The blockbuster success of James Cameron’s Avatar proved what many gamers and game developers already knew: Motion capture is the future of performance. The film’s groundbreaking use of mocap technology caught the attention of Hollywood and the game industry, raising interest in perfecting the nascent craft with a combination of new technology, refined processes, and good old-fashioned acting chops.
”We’ve developed a unique process for motion capture and performance capture for games,” UNCHARTED 3 Creative Director Amy Hennig explained during a recent tour of Naughty Dog’s cutting-edge new mocap studio in Culver City, California. “We’re kind of ahead of the pack.” Hennig described the evolution of the UNCHARTED series’ motion capture technology, beginning with the humble stage used to record UNCHARTED: Drake’s Fortune. It was an outdated, uncomfortable place to perform, equipped with a camera array that painted the room with eye-searing red light. And its poor acoustics made dialog recording impossible, so in-game speech had to be added later.
“We cast very carefully, that’s step one in any project. If you cast hastily or badly, you’re screwed forever. If you cast well, you can write any piece of crap and they’ll make it sound wonderful. Trust me, I’ve done it!”
— Amy Hennig, Creative Director, UNCHARTED 3: Drake’s Deception
Following UNCHARTED’s breakout success, Naughty Dog upgraded to the vastly more sophisticated facilities at the House of Moves for UNCHARTED 2: Among Thieves, a game that further strained the boundaries of cinematic game storytelling. The House of Moves facilities featured an integrated sound stage that enabled Naughty Dog’s team to record dialog while simultaneously capturing the actor’s physical performances — a then-unheard of process that is quickly becoming the gold standard for video-game performances.
An array of 86 infra-red cameras capture the actors’ physical performances with eerie precision. The studio’s integrated soundstage lets the actors deliver their lines seamlessly along with their movements.
Now, with UNCHARTED 3: Drake’s Deception, the team is shooting on its very own cutting-edge mocap set, the culmination of years of pioneering experimentation in game storytelling. Though the sets and props are largely virtual, Hennig and her team make frequent comparisons to shooting for television. “We don’t have the luxury of writing a big script in an ivory tower,” she explained. “We have an outline that we work from and we write the scenes as we go.” That looser approach gives Hennig and her storytelling team the flexibility to adapt to script changes or make tweaks based on a performer’s strengths. “As the writer, I get to learn the actor’s voices — their cadences, their idiosyncrasies, and I write them right in,” Hennig said. “Their characters become infused with their personalities.”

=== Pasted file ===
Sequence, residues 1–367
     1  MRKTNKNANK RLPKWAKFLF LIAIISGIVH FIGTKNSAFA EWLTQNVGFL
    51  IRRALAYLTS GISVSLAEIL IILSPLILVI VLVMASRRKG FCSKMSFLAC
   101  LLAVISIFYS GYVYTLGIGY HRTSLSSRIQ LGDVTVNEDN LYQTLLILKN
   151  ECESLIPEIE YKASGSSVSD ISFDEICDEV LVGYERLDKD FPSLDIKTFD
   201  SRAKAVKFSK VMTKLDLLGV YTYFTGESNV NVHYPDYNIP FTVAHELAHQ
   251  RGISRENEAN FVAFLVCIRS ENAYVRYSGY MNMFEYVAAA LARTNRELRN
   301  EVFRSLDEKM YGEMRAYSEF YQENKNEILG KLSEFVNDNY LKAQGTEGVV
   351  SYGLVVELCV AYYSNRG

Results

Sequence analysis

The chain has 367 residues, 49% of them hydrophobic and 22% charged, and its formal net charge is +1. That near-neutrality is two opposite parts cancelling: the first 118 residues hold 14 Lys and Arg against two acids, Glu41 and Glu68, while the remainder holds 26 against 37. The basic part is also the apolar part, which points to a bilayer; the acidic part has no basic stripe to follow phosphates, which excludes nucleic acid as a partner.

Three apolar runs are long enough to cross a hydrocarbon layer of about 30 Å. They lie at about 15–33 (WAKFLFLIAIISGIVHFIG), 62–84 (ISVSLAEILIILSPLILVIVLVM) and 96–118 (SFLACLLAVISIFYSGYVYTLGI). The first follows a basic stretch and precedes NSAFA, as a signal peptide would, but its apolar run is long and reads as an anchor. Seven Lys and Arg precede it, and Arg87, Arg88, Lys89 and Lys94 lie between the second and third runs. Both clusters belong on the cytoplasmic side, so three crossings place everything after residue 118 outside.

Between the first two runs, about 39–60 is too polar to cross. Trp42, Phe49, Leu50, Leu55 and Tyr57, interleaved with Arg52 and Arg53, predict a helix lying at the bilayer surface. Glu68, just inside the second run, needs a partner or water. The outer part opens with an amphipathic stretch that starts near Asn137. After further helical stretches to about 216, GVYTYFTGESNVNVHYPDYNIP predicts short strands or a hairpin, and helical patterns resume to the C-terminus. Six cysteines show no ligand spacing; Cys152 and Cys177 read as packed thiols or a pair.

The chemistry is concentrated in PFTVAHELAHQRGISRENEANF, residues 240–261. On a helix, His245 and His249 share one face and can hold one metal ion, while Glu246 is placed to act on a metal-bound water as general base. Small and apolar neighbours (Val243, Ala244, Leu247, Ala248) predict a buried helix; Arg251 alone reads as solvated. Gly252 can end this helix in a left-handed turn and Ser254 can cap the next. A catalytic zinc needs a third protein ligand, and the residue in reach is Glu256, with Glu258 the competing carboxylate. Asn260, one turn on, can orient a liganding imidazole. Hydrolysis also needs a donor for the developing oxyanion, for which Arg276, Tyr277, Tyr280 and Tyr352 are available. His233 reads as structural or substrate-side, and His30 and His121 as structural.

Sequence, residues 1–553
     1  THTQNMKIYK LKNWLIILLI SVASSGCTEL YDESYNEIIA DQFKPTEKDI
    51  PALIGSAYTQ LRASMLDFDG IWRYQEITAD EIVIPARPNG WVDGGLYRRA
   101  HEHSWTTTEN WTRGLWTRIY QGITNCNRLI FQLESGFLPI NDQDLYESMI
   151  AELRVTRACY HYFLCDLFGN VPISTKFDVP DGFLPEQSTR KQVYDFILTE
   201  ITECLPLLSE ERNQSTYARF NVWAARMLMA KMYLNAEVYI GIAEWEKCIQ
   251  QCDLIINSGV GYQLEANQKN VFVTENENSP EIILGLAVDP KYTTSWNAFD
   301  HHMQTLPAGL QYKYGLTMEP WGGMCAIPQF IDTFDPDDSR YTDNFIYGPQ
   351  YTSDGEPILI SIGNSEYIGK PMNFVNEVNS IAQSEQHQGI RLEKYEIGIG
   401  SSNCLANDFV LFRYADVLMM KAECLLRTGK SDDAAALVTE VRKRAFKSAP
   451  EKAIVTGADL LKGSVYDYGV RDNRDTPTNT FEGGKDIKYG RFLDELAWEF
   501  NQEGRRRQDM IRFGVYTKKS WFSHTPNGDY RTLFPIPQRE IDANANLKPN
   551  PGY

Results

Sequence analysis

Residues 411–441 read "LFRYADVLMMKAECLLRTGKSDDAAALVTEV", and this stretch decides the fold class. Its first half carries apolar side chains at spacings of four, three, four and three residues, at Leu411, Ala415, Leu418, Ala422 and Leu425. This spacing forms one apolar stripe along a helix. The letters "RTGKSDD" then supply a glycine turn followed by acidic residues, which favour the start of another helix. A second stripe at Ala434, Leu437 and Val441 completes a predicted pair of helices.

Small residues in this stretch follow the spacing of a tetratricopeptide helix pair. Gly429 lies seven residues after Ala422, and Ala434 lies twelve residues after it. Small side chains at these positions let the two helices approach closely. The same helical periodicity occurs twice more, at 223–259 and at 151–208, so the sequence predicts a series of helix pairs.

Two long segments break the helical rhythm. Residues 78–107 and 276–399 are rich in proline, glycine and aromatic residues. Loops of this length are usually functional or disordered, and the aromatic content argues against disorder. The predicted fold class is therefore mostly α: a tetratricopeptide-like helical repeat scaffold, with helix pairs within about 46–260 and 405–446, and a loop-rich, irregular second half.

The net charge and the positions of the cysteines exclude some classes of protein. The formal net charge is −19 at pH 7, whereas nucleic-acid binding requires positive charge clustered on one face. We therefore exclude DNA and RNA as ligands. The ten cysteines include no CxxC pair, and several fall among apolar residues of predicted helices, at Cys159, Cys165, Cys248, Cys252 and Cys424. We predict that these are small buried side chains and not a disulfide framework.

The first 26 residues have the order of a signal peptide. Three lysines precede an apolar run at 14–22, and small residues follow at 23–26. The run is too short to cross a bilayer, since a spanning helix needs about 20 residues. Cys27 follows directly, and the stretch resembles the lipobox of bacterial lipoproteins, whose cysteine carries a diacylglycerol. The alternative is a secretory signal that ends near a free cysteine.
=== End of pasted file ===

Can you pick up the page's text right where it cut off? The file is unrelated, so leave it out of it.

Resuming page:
UNCHARTED 3’s high-tech motion capture process converts the actor’s movements into 3D datam which displays in real time over a simple approximation of the game environment. Later, animators and artists adjust the mocap data and drop it into the final game.
Actor Nolan North — who performs as series frontman Nathan Drake but also boasts an impressive resume of film, TV, animation and game performance work — raved about working with Hennig’s team on the UNCHARTED series. “I find that movie stars aren’t that interested in doing games, but actors are. There is a freedom and a beauty of doing this that’s like going back to the roots of black-box theater. It’s collaborative; it’s the true actor experience.” North also pointed out a rapid shift in the perception of video game performances among actors. “It’s changed. I know people who used to do video games and told me, ‘oh, eventually you’ll move on to animation.’ And now they’re trying to get back into games!”
“This might surprise some people, but we don’t just play Drake and Sully. Sometimes I’m mocapping the guy whose neck I’m breaking! Sometimes we play as the bad guys…in UNCHARTED 2’s train sequence, you’ll notice that one soldier runs with a bit of a limp. That’s me, chasing me, and getting blown up by propane tanks.”
— Nolan North (as Nathan Drake)
This humble array of sandbags and carpentry will be transformed into a realistic vehicle in the digital world of UNCHARTED 3. (Right) Naughty Dog pioneered the process of capturing motion and dialog simultaneously for video game performances, eliminating the disjointed feel found in some other game performances.
“Amy writes a great script. It’s like a strong tree, and we just branch from it,” Nolan North says. “If you let actors go too much with ad-libbing, when you don’t have a strong story structure, it becomes a mess. We do our thing, and then Naughty Dog takes it and makes magic.”
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